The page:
Following the audit, the BCDC threatened to sue the Richardson Bay Regional Agency for not enforcing its own 72-hour anchoring limit, and in late summer 2021, the two agencies reached an agreement, which began by reiterating a policy established in 1984: “Vessels and floating structures used for residential purposes (i.e., houseboats and liveaboards) should be allowed only in recreational or houseboat marina berths.
“All anchor-outs should be removed from Richardson Bay.”
Former Sausalito mayor Jill Hoffman told us that the city was “well ahead” of the State Auditor and BCDC’s focus on anchor-outs. Since 2016, the city — which withdrew from the RBRA in 2017 — went from 90 anchored vessels to just six. The RBRA said that the number of boats in their waters went from just under 100 in the 1970s to over 240 boats by 2016. There were 133 boats in October 2020; in October 2021, the RBRA told us that there were 82 boats, of which 10 were operable.
There is a tendency to lump anchor-outs, and some abstract idea of the their vessels, into the same category. Some describe all anchor-outs as mariners and bohemians, others describe all anchor-outs as homeless. There’s no question that the Bay Area’s housing crisis, and the national rise in homelessness, were the match that ignited the Richardson Bay powder barrel. Affordable housing and other social-policy issues are well outside the scope of this magazine — these issues are even outside the scope of the agencies directly tasked to deal with anchor-outs, such as the RBRA and BCDC, as well as businesses and individuals who have become involved by default, such as marinas and harbormasters.
Robbie Powelson, the president of the Marin County Homeless Union, told us that because of Marin’s exclusivity and lack of new, affordable housing, “Many people started to get boats on the anchorage, and you had people on Richardson Bay who didn’t want to be there in the first place.” Curtis Havel, the now-former RBRA harbormaster who was responsible for stepping up enforcement, said that when he took the job nearly two years ago, “I wasn’t open to the idea of acknowledging that somebody out on the water might be homeless. As time went on, I came to realize the ugly secret: that Richardson Bay is Marin County’s largest homeless encampment.” Steve McGrath, the interim executive director of the RBRA, echoed a similar sentiment: “It would be helpful to think of the anchor-out community as a water-based encampment. It’s not tents, but boats that are mostly not in good repair.” According to the 2015 Marin County census, 14% of the county’s homeless population was living on boats.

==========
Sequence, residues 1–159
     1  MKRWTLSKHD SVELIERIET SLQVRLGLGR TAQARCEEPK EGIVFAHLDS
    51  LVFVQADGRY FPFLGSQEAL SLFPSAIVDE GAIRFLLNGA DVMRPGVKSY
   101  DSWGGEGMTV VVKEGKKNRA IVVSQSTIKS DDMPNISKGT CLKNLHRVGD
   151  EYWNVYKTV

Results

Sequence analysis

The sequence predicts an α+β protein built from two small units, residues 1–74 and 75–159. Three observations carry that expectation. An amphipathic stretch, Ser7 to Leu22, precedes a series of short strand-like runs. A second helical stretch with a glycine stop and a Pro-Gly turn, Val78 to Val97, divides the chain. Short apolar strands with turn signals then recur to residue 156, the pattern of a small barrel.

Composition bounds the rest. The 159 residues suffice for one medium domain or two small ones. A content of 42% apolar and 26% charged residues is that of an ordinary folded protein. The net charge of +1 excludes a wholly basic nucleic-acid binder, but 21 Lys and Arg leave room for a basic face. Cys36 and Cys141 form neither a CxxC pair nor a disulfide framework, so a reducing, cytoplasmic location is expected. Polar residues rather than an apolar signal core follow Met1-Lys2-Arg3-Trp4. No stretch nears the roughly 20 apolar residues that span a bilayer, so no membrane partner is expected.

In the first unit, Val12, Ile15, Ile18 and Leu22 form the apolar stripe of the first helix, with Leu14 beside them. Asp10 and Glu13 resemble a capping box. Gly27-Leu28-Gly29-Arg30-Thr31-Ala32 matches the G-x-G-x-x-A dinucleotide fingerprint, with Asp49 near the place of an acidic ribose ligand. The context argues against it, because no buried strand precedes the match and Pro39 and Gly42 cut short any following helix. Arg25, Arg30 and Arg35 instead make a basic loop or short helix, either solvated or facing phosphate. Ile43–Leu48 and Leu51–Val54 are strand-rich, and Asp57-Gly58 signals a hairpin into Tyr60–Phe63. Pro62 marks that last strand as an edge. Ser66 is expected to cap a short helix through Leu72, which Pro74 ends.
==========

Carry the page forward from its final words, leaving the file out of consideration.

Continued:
“I think that the community has always been the same,” said former RBRA harbormaster Bill Price, when we asked him if he had noticed a rise in homeless anchor-outs during his 24-year tenure. “I don’t think there have ever been more or [fewer] mariners. Some people can survive pretty well out there — you have to. It takes a certain kind of person.”
Brian Doris, a current Richardson Bay anchor-out of five years, told us that he estimated that out of the total Marin anchor-out population, about 35% are mariners. “The majority out here are campers and people who think that this is a campsite. These are the people I have to save over and over.” Doris said that he’s never been served notice or asked to leave, and that former-harbormaster Havel would often ask him for help during storms, as boats broke anchor.
Alaric Moore, a former Richardson Bay anchor-out of two years, said she and her friends “once counted 32 ‘meth heads’ on the anchorage. But Moore, with whom we spoke in 2018, was careful to contextualize the situation. “During the Gold Rush in the mid-1800s, after all of the gold had been got, there was a housing crisis and income disparity in the Bay, and people resorted to living on the water.
“Sound familiar? There are serious issues on Richardson Bay, but nothing is new.”